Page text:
Back to the classroom… and a world sans crimes

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‘Hope’ helps school dropouts get back to mainstream education

It has been years since they sat in a school classroom and listened to a teacher. For these 18 students, going back to the classroom, even though just for a few days, was not just about nostalgia or learning but a struggle for survival and probably the only chance at a decent life.

As the 10-day residential camp for students under the Hope programme began at Government Vocational Higher Secondary School for Girls in Nadakkavu on Tuesday, the focus was on these students who have fought odds to escape from an anti-social life and rekindle the hope for a better life. District Police Chief (Kozhikode City) Sanjay Kumar Gurudin spoke to the participants of the camp.

Hope is an initiative of Inspector General of Police P. Vijayan to make life better for adolescents who might otherwise have deviated from their path. Similar to his other initiatives like School Protection Groups (SPG), Student Police Cadet (SPC), and Our Responsibility to Children (ORC) in which the police worked hand-in-hand with the common people, Hope too, though initiated by the police, is being carried out by a group of like-minded dedicated individuals from all walks of life.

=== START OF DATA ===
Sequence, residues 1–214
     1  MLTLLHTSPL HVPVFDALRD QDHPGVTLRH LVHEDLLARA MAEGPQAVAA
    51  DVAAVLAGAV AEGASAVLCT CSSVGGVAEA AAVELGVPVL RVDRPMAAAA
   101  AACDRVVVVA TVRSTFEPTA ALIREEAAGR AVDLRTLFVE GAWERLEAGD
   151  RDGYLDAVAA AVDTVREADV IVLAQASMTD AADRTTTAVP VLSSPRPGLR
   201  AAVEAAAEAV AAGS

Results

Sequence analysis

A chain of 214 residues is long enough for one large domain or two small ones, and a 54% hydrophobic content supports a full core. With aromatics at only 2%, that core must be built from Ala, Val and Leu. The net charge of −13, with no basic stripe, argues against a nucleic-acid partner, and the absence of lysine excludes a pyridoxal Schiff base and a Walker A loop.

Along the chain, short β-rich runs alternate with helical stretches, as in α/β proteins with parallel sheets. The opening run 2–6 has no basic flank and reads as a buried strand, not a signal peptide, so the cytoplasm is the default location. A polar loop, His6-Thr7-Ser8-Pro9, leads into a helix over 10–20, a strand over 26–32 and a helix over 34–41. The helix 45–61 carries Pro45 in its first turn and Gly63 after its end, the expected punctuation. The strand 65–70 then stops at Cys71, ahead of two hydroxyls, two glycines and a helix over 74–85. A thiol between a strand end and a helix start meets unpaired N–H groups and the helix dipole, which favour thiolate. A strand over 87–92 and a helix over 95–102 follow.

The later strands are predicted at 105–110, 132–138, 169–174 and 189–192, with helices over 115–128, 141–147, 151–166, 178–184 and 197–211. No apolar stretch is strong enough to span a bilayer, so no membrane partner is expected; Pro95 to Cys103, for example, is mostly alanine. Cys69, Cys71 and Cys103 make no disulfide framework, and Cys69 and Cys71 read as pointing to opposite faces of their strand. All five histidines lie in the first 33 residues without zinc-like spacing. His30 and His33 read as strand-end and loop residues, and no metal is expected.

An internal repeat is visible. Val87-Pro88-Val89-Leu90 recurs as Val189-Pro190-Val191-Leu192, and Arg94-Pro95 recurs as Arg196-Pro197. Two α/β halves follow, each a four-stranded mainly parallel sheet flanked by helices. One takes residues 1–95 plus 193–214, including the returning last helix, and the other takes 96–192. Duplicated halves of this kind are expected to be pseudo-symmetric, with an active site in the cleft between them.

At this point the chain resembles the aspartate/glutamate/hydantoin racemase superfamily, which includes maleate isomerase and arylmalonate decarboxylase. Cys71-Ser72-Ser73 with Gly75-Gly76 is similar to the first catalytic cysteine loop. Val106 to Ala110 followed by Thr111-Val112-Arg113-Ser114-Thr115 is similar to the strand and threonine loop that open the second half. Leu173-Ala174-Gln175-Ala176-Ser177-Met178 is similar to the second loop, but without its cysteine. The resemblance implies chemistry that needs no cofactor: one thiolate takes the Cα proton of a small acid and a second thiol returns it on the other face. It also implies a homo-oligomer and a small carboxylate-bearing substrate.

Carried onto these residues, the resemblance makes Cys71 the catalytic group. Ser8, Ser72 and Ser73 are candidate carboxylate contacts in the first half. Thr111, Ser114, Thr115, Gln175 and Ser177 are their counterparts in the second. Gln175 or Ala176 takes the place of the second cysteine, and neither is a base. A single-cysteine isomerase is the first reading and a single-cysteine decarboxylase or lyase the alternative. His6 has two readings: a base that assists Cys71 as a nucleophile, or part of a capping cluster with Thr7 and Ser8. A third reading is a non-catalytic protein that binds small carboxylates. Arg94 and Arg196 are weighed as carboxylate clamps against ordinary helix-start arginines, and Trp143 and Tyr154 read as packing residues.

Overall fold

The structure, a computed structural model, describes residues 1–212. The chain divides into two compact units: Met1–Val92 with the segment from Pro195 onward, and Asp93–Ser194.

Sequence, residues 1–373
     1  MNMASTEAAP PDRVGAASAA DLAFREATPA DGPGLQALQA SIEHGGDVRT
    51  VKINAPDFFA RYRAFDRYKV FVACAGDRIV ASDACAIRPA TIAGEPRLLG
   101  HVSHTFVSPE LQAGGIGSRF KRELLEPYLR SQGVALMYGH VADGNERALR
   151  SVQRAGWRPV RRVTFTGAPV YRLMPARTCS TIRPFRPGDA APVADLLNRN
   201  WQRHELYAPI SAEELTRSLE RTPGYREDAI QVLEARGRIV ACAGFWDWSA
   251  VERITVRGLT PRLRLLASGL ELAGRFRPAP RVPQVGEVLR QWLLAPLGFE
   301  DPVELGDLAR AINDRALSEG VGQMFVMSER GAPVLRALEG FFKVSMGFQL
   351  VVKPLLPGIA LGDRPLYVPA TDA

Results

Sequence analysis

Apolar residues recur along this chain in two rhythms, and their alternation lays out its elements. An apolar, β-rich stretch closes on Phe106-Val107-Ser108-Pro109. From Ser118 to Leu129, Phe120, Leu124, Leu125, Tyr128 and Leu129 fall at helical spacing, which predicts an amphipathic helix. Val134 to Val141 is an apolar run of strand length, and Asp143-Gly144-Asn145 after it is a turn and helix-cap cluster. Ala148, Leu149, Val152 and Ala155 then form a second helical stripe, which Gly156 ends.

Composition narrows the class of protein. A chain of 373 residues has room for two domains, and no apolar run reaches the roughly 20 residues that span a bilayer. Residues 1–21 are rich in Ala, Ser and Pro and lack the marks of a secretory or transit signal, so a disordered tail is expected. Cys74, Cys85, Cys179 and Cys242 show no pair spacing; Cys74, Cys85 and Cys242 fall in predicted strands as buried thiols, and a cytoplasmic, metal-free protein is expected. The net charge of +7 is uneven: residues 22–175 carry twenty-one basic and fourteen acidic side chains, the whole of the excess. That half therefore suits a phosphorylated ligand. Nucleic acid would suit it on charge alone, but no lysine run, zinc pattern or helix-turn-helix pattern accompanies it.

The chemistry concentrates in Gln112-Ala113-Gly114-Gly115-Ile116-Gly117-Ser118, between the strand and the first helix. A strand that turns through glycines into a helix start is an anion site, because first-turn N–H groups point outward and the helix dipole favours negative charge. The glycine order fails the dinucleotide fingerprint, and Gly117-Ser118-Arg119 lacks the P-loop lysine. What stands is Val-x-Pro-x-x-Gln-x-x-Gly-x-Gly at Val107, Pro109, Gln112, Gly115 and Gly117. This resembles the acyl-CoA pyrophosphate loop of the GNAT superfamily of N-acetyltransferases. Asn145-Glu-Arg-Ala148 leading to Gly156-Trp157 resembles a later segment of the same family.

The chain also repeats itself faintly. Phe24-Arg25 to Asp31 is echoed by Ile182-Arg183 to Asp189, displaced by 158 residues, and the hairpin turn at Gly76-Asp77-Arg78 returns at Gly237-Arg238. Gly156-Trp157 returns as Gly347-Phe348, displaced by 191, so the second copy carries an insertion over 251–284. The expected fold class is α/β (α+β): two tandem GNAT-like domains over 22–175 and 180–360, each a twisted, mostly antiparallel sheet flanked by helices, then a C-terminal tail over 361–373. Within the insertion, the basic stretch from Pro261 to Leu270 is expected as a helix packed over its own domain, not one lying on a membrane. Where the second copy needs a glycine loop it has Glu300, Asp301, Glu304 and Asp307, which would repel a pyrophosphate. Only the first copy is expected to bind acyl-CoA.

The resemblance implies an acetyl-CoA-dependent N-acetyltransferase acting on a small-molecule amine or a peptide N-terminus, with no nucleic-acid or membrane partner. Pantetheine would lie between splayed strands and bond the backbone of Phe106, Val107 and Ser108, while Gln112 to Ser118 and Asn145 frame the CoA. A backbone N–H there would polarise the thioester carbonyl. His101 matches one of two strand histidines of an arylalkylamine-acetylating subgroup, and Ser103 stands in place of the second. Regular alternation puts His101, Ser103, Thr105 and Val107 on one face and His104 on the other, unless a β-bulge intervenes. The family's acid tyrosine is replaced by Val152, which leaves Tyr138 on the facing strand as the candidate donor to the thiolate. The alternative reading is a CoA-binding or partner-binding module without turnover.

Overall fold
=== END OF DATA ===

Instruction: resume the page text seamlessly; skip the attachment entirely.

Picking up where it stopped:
Hope involves pushing the school dropouts to continue their education, so that they do not go anti-social.

“We have noted that a large section of the students who fail in SSLC end up with the sand-mining mafia or the drug dealers,” said A. Umesh, Circle Inspector of Kozhikode Town. “These days, it is difficult for someone to fail in SSLC exam. That is why those who fail are cast aside as useless even by their families and they find recognition among the anti-socials that attract them towards crime,” he said, explaining how important Hope is. Among these 30 are adolescents who had been selling drugs and even using them. There are those who inform the criminals about police movements, for which they have to stay awake at night. “To stay awake, they start watching pornography on their mobile phones. They become peeping toms in neighbouring houses at first and later, if the opportunity presents itself, thieves,” said K.E. Harish, CEO of Sadbhavana World School, one of the coordinators of the Hope programme in Kozhikode.

The 30 students were picked from different parts of the city and suburbs and were undergoing preparatory classes for the last two and half months.

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